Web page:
ELIZABETH, Colo. – A Colorado mother who lost her son is warning other parents about the so-called "choking game."
Tia Bodkins said the last thing she said to her 11-year-old son Carson was, “I love you very much I'm very proud of you," before he went upstairs to pack for a family trip. Ten minutes later, he was not breathing. Bodkins said she performed CPR, paramedics administered treatment and the team at Children's Hospital worked tirelessly to revive Carson, but his brain had gone without oxygen for too long.
Bodkins said her son had been playing 'the choking game,' which involves cutting off oxygen to the brain to achieve a feeling of being high. Those who play the game may have frequent headaches and bloodshot eyes, according to KDVR.
Bodkins told KDVR she wanted to come forward to warn parents about the importance of monitoring their child's online activity – she thinks Carson may have found out about the "game" on the internet. She emphasizes that properly doing so means doing more than just activating safety settings.
“We have internet blocks, internet protections for all of the boys. But I had let him look at YouTube so he could learn skateboarding tricks, I assumed that's what he was looking at," Bodkins said.
She added that parents must check the online history as well. Stepfather Jason Davis said it's vital to do what it takes to protect children, even if they don't understand and it makes them feel resentful.
“As parents, the responsibility lies on us to go in and make sure are protected, and sometimes that might be an invasion of their privacy," he said.
Carson was a very popular student who excelled at Legacy Academy in Elizabeth. His desk is marked with loving notes and a flower from grieving students. His locker adorned with final farewell messages.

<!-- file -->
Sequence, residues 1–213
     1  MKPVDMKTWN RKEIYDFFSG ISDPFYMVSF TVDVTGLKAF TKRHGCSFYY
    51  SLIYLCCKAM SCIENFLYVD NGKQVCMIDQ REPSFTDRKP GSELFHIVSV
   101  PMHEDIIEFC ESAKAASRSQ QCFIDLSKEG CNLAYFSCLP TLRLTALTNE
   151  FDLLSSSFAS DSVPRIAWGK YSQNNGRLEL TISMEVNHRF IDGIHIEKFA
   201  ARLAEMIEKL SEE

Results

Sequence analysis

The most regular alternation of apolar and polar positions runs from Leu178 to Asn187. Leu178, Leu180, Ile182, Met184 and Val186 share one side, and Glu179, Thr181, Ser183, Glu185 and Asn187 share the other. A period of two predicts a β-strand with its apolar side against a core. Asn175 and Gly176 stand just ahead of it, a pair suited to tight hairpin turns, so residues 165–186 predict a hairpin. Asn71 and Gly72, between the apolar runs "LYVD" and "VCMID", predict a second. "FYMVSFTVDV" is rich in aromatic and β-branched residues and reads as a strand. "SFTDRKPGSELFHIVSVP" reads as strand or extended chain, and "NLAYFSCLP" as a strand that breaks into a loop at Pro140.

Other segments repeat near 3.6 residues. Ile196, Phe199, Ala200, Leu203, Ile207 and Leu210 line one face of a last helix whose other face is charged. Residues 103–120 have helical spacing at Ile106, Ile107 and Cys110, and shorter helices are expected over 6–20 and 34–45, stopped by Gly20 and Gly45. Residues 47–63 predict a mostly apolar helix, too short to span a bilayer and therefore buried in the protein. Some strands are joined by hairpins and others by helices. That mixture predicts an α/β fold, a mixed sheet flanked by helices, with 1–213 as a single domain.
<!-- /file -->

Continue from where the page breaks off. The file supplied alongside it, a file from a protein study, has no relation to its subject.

Principal Kurt Naber told KDVR the school is providing counseling and support for students and teachers.
“It is heartbreaking to lose a student so young and it really hits home as the parent of a fifth-grader myself," Naber said.
Naber added that information is key when it comes to arming parents against online dangers.
"This is probably more widespread than most parents and most schools would assume," he said.
Carson loved sports and skateboarding, and those who knew him described him as a boy who made everyone laugh and smile. Bodkins said the entire family is trying to stay strong as they cope with the immeasurable pain of their loss.
“We're living minute-by-minute. We're all very sad. We miss him very much," she said.
A GoFundMe page has been set up to raise money for a skatepark or playground donation in Carson’s name.
For more information about the signs of The Choking Game and ways to keep your child safe visit the following websites:
G.A.S.P Games Adolescents Shouldn’t Play
Child Mind Institute
The National Child Traumatic Stress Network
Culture of Safety